As I endeavored to tap myself free from this belief and the grief and trauma from which it sprang, I imagined her as my guardian angel, cheering me on toward the liberation of deep healing, and toward all of the fruits that my newfound wholeness would bear.
Did it hurt? Yes. But not as much as I thought it would. There were tears, and there was the fear of not knowing who I would be without the pain and false beliefs that had become parts of my identity, but in the end, it took less than an hour, and then I was free.
Free to step into a more empowered, more confident version of myself. Free to realize more of my full potential, including my earning power. And free to love my mom even more than before, because thinking of her was less painful than it used to be, so I no longer turned away from her in my mind.
So what are you afraid to tap out and heal? What is buried inside of you that hurts so much that you can’t even look at it? Whatever it is, I encourage you to find the resources, inner and outer, to help you do it, to make it happen.
Whether that means hiring an EFT practitioner to help you, or scheduling an appointment with the EFT practitioner that you already have, or giving yourself a tapping session, do it. You deserve it. You deserve the peace that it will give you. You deserve the prosperity that it could make possible for you. And you deserve the self-love that it will generate. Get after it. I'll be cheering you on.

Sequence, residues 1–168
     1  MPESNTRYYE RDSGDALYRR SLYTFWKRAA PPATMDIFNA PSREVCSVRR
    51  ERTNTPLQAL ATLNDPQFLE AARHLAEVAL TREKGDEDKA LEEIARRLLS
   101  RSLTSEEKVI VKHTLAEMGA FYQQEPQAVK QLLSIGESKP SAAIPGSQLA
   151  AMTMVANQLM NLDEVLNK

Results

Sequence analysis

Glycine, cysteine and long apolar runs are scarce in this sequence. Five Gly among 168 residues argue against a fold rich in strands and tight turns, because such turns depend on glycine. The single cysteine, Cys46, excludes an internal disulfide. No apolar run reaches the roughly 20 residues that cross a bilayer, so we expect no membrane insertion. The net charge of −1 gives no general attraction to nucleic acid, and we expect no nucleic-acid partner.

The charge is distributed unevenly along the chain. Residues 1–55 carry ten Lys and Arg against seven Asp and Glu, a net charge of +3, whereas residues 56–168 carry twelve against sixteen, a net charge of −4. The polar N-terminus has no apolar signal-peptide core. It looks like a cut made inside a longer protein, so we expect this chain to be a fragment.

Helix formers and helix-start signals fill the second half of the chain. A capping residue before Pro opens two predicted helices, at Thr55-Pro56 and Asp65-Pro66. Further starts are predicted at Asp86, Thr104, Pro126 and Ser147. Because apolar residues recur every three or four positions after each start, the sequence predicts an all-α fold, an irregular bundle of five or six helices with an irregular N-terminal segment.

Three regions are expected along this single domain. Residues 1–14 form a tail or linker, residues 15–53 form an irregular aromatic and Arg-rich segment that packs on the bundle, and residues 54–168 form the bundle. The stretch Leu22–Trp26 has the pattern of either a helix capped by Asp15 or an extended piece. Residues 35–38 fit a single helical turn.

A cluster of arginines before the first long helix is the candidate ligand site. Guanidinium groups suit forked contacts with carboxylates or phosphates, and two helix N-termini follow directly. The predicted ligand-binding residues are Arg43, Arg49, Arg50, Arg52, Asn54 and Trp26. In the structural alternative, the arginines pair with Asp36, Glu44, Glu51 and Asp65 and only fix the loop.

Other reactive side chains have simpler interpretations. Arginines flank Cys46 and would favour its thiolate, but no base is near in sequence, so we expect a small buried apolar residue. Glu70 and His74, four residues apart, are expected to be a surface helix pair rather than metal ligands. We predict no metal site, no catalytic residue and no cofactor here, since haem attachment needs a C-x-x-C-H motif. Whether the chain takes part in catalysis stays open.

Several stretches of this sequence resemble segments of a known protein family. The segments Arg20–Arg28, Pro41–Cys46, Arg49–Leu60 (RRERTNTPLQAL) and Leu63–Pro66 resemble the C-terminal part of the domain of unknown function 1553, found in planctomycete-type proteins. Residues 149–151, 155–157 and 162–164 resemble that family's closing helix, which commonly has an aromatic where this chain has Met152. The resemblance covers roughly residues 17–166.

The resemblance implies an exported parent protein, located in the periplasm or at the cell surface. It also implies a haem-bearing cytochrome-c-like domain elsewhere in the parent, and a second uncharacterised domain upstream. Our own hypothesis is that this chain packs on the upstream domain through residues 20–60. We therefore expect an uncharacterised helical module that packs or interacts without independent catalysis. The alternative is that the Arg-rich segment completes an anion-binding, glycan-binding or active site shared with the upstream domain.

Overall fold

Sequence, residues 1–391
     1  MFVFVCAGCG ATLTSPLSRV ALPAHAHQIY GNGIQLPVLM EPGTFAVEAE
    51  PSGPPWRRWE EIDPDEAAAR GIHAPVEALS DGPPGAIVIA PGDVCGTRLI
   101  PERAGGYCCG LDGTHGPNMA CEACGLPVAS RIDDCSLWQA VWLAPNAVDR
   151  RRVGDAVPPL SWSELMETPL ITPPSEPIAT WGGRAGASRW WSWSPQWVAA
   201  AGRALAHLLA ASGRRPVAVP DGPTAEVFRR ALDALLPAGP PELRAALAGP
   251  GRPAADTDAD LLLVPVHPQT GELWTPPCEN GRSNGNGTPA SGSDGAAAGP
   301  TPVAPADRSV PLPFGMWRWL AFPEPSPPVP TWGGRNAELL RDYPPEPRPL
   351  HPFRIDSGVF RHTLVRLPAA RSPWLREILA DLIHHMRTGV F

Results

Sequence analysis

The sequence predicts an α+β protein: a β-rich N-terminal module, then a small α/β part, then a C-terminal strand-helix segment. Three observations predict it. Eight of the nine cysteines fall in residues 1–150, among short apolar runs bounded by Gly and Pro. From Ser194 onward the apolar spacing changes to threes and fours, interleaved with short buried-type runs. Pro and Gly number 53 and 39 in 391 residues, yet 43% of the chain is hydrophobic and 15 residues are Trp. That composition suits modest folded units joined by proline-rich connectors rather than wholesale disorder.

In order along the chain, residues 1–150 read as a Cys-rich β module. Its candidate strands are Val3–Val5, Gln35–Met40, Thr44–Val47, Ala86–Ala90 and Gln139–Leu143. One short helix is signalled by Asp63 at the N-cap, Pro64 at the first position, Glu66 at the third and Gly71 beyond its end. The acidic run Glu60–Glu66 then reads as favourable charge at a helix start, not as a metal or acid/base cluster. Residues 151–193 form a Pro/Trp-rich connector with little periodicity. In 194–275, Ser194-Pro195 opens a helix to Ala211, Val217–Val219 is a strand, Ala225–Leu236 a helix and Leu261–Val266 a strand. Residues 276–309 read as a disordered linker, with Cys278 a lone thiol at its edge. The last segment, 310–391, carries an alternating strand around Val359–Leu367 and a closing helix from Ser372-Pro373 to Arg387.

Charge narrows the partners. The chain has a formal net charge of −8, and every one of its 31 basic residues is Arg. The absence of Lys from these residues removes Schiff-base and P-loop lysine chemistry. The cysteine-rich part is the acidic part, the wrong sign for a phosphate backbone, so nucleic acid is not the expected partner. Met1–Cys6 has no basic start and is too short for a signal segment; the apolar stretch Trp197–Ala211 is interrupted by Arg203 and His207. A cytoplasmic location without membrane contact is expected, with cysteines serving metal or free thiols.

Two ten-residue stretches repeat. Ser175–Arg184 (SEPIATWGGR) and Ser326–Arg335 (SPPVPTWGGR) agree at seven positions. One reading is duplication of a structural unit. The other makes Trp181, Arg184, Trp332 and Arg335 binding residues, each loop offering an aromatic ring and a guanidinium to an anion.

When doing EFT/tapping on your own, if you get stuck, aren't getting the results you want, or would simply like to have the support and guidance of an experienced professional, I recommend working with an EFT practitioner.
If you decide that this is the best course of action for you, and you would like to work with me, you can schedule a session or free consultation here. If you feel that another EFT practitioner would be a better fit for you, click here to access a directory of practitioners.
BY HEATHER AMBLER
Heather Ambler is a San Francisco Bay Area EFT expert and success coach. Through her private practice and online programs, she has helped over 10,000 people from 75 countries to recover from loss, heal trauma, release fears, increase their confidence, and achieve their goals.